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Backstage with Elias – Drew Azzinaro

A few days ago, I was enjoying some vino with my neighbors, when the discussion switched (as is usually the case) to music. They asked me if I was familiar with Drew Azzinaro, and I said “yes”. We spoke of previous engagements that he and I had worked on together, and also his weekly classical guitar showcase every Friday at Daily Planet Coffee. My neighbors have seen this performance a number of times, and raved about it. I had not seen it. I thought about it this morning, and decided to finally check it out, and I was not disappointed.

I arrived, grabbed a coffee, a bite, and a table near the stage. Drew comes in, we said hello, and then ‘on with the show’. I’ve seen him do funk, and blues on the electric guitar, but this had a completely different flavor altogether. The sound of nylon strings gives a certain mixture that is sweet, and soft, and highlights emotions detectable only by the ear. His technical abilities complemented his passion for playing quite nicely, and his song selection ranged from Middle Eastern, to South American, to classic rock flavored interpretations.

As I watched the performance, I was getting the itch to start writing again, so I said to myself, let’s do this. The 30 year old Lockport native was very open to a chat afterwards, and here are some of the details…

On starting out: “I was probably around 12 or 13. Some of my friends decided to start a band. So I bought a guitar at Tone Doctors Music, a place out in Lockport.” He would, at 17, end up teaching there. Drew continues, “In 8th grade, I met a friend who was really into guitar players. That’s when I started taking it a bit more seriously.”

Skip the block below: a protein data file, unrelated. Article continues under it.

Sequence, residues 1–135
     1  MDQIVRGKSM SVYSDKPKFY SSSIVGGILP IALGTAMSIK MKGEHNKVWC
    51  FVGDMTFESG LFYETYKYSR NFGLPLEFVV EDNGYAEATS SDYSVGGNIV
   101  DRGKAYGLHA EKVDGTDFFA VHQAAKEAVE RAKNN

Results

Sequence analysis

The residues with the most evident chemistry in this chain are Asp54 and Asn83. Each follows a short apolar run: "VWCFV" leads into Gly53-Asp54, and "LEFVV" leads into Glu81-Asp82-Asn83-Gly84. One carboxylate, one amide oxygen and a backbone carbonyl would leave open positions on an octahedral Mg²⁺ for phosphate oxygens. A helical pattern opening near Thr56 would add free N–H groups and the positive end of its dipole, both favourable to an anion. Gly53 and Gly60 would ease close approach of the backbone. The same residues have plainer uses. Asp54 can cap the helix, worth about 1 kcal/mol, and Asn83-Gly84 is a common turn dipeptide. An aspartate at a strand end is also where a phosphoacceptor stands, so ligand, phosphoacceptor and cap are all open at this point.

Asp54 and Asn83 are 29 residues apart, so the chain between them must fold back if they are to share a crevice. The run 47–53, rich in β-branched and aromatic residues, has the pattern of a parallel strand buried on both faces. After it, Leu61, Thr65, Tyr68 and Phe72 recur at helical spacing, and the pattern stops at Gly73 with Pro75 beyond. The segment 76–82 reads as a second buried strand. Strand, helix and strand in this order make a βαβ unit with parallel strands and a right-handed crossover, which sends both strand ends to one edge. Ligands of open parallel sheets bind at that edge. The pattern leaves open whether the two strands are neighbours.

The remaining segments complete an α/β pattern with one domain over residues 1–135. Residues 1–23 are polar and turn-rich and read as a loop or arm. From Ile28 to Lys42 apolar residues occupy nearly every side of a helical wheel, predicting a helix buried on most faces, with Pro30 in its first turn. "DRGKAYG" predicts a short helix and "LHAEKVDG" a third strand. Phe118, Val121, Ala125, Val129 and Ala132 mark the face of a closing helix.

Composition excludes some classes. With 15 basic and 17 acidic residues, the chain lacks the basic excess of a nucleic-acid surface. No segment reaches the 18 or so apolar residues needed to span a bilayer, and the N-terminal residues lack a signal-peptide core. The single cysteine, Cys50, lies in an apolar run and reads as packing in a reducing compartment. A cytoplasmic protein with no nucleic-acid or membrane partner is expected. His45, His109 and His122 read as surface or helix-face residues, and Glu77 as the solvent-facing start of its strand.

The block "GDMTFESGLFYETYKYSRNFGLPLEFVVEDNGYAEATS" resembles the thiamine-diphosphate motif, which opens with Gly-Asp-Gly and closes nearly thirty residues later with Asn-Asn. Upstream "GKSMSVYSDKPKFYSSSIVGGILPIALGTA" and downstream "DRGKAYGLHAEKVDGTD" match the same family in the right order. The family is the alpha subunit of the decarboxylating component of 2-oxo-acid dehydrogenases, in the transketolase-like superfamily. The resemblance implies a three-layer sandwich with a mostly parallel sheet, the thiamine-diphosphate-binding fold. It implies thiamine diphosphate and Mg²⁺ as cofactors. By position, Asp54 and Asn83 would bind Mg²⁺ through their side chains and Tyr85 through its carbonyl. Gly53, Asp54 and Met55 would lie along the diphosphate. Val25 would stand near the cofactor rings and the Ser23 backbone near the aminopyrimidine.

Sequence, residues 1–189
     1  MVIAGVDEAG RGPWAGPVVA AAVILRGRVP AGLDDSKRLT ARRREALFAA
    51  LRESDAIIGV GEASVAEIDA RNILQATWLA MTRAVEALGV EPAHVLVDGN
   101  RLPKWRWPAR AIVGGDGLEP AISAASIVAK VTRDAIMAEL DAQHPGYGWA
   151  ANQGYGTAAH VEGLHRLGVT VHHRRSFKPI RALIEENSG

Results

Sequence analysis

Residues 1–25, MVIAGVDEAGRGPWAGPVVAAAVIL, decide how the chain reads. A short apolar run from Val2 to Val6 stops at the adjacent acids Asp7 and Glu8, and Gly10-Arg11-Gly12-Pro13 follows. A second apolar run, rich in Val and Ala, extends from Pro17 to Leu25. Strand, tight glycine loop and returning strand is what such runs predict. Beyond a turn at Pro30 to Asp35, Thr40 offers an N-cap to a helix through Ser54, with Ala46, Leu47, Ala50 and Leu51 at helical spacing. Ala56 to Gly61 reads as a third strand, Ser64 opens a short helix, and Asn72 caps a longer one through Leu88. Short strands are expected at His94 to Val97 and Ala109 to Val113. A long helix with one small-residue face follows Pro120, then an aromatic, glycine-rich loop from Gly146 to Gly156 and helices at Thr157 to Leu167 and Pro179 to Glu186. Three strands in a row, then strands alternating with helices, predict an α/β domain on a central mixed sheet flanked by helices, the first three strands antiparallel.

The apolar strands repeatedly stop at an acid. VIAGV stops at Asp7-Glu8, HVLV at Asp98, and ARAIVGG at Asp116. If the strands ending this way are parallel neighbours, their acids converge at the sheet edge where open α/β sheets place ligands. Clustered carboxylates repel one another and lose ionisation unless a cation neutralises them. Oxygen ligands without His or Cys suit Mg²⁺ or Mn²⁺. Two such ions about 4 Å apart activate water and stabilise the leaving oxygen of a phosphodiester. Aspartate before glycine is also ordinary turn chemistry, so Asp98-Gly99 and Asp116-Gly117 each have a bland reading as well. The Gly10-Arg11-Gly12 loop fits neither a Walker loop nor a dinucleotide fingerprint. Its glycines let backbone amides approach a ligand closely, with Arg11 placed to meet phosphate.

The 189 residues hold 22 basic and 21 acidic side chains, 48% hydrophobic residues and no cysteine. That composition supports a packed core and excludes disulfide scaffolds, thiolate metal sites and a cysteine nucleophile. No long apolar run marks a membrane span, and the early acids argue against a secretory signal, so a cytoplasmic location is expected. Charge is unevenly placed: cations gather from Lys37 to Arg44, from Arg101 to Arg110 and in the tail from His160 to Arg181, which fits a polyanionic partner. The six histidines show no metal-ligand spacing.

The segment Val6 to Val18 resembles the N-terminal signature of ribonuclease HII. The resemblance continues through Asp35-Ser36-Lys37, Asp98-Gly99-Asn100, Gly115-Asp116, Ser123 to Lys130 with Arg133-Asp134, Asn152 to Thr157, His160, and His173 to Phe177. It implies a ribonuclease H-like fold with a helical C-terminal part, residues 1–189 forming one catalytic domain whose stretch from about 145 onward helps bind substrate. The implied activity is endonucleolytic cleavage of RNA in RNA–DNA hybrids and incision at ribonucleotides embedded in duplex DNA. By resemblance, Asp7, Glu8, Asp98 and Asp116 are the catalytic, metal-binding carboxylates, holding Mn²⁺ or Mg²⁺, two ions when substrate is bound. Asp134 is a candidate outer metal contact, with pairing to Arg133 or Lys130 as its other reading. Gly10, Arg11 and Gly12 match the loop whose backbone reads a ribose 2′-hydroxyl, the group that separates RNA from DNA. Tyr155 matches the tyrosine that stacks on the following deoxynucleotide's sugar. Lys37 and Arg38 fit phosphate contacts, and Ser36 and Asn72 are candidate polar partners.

Drew would go on to study guitar at NCCC, where his professor was Jason Beaudreau, a guy whom he continues to perform with today in a guitar duet.

A big influence for Drew was Buffalo based pianist Bobby Jones. “I studied jazz theory with Bobby for a couple of years. He would do his best to try to get his brilliance out into words. We talked a lot about philosophy, and art, and how this became more of the art side, than the technical side.”

He then went to Fredonia and studied classical. “Joe Mahfoud was a guy I studied under, and was instrumental in getting me into Fredonia,” he says. “While at Fredonia, I played a lot of jazz, and ended up running one of the jazz ensembles. I was all electric then, which is a big part of my playing.”

Today, he teaches at Planet Music School which is mostly adults. In School Music, a program which allows him to work with elementary and middle school kids, and a home school ensemble.

Performance-wise, he has been a part of Little Mountain Band, Rod Hornung Project, and lately with NYC based Lady Lush and the Vinyls. They have recently completed a recording to be released at some point this summer. Lady Lush also entered the Tiny Desk Contest, sponsored by NPR. They did not win, but have been invited to perform at one of the events.

Moving forward, Drew is focused on collaborations, which is bringing a multicultural flavor to his playing. “Lately, I’ve been lucky to hook up with different players. Paul Kozlowski, a guy whose music is Middle Eastern. Nelson Rivera, a sax player, and we’ve been doing bossa nova.” Those are a few of the players with worldly musical influence. “I’ve been lucky to have absorbed a lot of things, and that’s what I’ve been digging lately. The last year and a half, I’ve been focusing on playing music I want to play, and less music I have to play to earn a living. I’m constantly trying to improve.”

You can see Drew perform every Friday  (except this coming week) at Daily Planet Coffee (1862 Hertel Avenue), for classical guitar at noon. Also May 24, he will be performing at Pausa Art House (19 Wadsworth Street) with Paul Kozlowski, and every third Thursday with Paul Hourning Project at Hot Mama’s Canteen (12 Military Road).

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Written by Elias Benavides

Elias Benavides

A goofy kid from Buffalo's lower west side who loved to play the guitar and loved live music. Has moved on to sound engineering, stage lighting, anything live music. Now he's writing about musicians on BR too. Why am I talking in the third person?

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